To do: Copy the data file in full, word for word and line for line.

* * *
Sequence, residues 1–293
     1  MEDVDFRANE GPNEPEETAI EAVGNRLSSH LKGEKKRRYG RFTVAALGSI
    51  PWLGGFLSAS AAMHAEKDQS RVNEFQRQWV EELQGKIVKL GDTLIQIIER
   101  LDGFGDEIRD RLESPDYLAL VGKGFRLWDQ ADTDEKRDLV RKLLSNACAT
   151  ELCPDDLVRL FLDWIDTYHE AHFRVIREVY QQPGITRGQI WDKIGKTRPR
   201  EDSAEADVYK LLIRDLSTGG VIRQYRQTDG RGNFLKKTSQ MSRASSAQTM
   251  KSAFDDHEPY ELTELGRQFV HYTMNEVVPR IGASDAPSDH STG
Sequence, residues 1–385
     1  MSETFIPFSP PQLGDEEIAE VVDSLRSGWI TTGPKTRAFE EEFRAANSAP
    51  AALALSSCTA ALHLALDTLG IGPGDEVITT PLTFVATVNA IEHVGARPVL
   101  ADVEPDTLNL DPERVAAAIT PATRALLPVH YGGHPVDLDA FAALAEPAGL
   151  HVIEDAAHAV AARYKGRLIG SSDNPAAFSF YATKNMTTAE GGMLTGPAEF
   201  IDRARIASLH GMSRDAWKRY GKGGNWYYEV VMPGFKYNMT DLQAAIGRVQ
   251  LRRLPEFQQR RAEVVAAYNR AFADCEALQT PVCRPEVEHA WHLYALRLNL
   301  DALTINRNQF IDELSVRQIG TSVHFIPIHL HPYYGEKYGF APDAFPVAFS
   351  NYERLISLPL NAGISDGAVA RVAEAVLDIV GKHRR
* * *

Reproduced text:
Sequence, residues 1–293
     1  MEDVDFRANE GPNEPEETAI EAVGNRLSSH LKGEKKRRYG RFTVAALGSI
    51  PWLGGFLSAS AAMHAEKDQS RVNEFQRQWV EELQGKIVKL GDTLIQIIER
   101  LDGFGDEIRD RLESPDYLAL VGKGFRLWDQ ADTDEKRDLV RKLLSNACAT
   151  ELCPDDLVRL FLDWIDTYHE AHFRVIREVY QQPGITRGQI WDKIGKTRPR
   201  EDSAEADVYK LLIRDLSTGG VIRQYRQTDG RGNFLKKTSQ MSRASSAQTM
   251  KSAFDDHEPY ELTELGRQFV HYTMNEVVPR IGASDAPSDH STG
Sequence, residues 1–385
     1  MSETFIPFSP PQLGDEEIAE VVDSLRSGWI TTGPKTRAFE EEFRAANSAP
    51  AALALSSCTA ALHLALDTLG IGPGDEVITT PLTFVATVNA IEHVGARPVL
   101  ADVEPDTLNL DPERVAAAIT PATRALLPVH YGGHPVDLDA FAALAEPAGL
   151  HVIEDAAHAV AARYKGRLIG SSDNPAAFSF YATKNMTTAE GGMLTGPAEF
   201  IDRARIASLH GMSRDAWKRY GKGGNWYYEV VMPGFKYNMT DLQAAIGRVQ
   251  LRRLPEFQQR RAEVVAAYNR AFADCEALQT PVCRPEVEHA WHLYALRLNL
   301  DALTINRNQF IDELSVRQIG TSVHFIPIHL HPYYGEKYGF APDAFPVAFS
   351  NYERLISLPL NAGISDGAVA RVAEAVLDIV GKHRR